The Sensex, the benchmark index of the Bombay Stock Exchange, closed at 12,595.75 points on Monday, but not before it fell to a low of 12,402.84, perilously close to the important level of 12,378 — a strong support level for the index on its way down.

Going forward, the markets look distinctly weak and, purely technically, they are set to test new lows.

The support level of 12,378 is still intact and it might still offer support to the falling Sensex.

However, if the Sensex closes below this level, there will be panic on the bourses, which might lead to a sharp fall, with the next support coming at 11,676 points, following which there is an immediate support at 11,422 points.

Solid support is expected only at 10,942 points and as of now, I expect this to be the bottom of the market in the short term.

On Monday, the Sensex fell to its lowest in two months. The main reason for the fall was heavy selling across the board by funds and traders on concerns over the effectiveness (or ineffectiveness) of the package cleared by the US to tackle the financial crisis in that country. Most people believe that the package falls short of what is needed to stem the crisis.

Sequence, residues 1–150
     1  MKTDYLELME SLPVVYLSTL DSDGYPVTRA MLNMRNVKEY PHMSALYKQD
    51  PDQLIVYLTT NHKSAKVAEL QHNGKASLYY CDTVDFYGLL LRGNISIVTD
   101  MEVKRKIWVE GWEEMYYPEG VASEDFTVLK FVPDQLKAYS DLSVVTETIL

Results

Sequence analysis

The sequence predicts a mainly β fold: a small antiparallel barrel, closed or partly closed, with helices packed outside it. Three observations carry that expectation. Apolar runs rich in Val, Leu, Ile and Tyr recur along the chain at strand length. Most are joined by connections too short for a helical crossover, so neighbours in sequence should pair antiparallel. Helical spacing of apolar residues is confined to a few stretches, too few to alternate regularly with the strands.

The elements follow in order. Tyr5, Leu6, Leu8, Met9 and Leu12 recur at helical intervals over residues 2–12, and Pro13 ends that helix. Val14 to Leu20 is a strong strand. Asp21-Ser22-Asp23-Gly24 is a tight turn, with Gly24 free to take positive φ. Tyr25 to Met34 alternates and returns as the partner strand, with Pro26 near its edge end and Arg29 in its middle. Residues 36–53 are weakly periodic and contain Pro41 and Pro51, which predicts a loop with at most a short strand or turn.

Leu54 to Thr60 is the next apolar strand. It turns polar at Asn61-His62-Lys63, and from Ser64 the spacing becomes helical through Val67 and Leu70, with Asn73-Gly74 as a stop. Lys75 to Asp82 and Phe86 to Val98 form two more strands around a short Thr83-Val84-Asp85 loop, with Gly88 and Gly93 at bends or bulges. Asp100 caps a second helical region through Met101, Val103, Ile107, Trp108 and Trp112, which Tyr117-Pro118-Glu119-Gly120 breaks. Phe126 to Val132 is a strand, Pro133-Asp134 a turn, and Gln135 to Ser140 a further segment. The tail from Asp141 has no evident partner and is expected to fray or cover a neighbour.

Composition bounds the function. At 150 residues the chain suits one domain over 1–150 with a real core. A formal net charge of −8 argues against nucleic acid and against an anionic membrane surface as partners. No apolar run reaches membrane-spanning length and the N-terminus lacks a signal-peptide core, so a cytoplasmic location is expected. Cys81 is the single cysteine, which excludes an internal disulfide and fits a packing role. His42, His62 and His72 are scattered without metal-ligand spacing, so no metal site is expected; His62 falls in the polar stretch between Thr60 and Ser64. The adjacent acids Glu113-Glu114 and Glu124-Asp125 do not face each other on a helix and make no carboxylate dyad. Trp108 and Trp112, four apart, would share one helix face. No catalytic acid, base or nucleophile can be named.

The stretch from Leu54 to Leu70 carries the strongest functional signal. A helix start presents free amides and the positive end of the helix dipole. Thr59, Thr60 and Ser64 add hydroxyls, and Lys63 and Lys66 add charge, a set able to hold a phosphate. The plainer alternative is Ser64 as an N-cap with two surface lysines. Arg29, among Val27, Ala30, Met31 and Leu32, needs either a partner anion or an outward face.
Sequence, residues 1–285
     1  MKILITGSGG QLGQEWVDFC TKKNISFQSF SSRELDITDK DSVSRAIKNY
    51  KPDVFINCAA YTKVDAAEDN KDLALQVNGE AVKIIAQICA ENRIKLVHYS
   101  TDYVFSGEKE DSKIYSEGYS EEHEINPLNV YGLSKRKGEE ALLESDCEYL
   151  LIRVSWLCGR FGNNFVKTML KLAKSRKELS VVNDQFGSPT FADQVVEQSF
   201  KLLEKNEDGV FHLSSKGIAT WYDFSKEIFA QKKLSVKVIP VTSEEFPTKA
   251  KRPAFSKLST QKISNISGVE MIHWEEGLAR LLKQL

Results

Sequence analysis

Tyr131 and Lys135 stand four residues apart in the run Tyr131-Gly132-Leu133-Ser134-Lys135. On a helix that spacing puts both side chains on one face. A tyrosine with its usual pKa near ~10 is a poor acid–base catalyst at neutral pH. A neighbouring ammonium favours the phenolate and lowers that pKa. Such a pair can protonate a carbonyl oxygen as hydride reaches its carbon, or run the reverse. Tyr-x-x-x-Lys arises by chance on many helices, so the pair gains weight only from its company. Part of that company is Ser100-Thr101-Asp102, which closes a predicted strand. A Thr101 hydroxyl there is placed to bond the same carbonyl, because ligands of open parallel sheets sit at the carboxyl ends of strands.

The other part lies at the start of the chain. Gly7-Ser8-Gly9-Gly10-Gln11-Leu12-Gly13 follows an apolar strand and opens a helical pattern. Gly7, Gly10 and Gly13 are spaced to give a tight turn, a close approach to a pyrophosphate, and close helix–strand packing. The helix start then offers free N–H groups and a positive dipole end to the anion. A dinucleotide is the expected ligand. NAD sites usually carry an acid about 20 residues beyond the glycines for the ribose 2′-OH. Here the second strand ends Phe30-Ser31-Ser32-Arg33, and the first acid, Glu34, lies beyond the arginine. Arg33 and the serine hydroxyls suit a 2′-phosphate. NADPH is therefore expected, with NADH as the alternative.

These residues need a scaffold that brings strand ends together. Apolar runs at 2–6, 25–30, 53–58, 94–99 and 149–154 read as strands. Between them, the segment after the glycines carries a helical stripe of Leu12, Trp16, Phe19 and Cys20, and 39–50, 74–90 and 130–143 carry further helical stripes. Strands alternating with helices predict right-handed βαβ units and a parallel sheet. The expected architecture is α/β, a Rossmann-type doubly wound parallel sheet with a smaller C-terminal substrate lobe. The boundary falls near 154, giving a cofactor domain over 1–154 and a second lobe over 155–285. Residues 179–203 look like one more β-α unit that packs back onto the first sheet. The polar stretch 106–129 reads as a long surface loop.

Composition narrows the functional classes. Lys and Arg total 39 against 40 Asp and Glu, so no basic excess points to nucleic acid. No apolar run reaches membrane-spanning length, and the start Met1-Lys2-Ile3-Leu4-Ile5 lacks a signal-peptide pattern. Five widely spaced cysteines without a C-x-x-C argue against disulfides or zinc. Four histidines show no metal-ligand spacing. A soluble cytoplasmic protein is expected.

And the situation has worsened since the bailout package was first suggested. Over the weekend, Belgian, Dutch and Luxembourg governments were forced to rescue financial services company Fortis NV and it looked like the UK government would have to do the same with mortgage lender Bradford and Bingley Plc. (the UK eventually nationalized the firm on Monday).

The broader Nifty index of the National Stock Exchange is likely to test its support at 3,781 points, but this support level has now become weak.

The next big support for the Nifty will now come at 3,547 points. If the index falls below this, it could plumb greater depths and the short-term bottom is now placed at 3,197 points.

Over the next few days, I see more losses on Tuesday, some consolidation on Wednesday and a possible recovery on Friday. Investors would do well to wait for the market to stabilize before taking fresh calls.

There will be good opportunities for short-term traders (day traders) in the coming days, but for medium- to long-term investors, there is more pain left and I’d suggest that they try and average their portfolio at the bottom levels mentioned above.

The local markets continue to witness a crisis in confidence. Foreign investors continue to withdraw money from the market and investors are waiting anxiously to see what will happen next on bourses that have steadily moved south since the beginning of the year.

This column has been warning that the markets will likely touch new lows. Monday’s Ahead of the Ticker warned that in technical terms, the markets are weak and that they could see a sharp fall.

In keeping with expectations, the markets fell sharply on Monday, but then bounced back.

Vipul Verma is a Delhi-based investment adviser. Your comments and questions are welcome at

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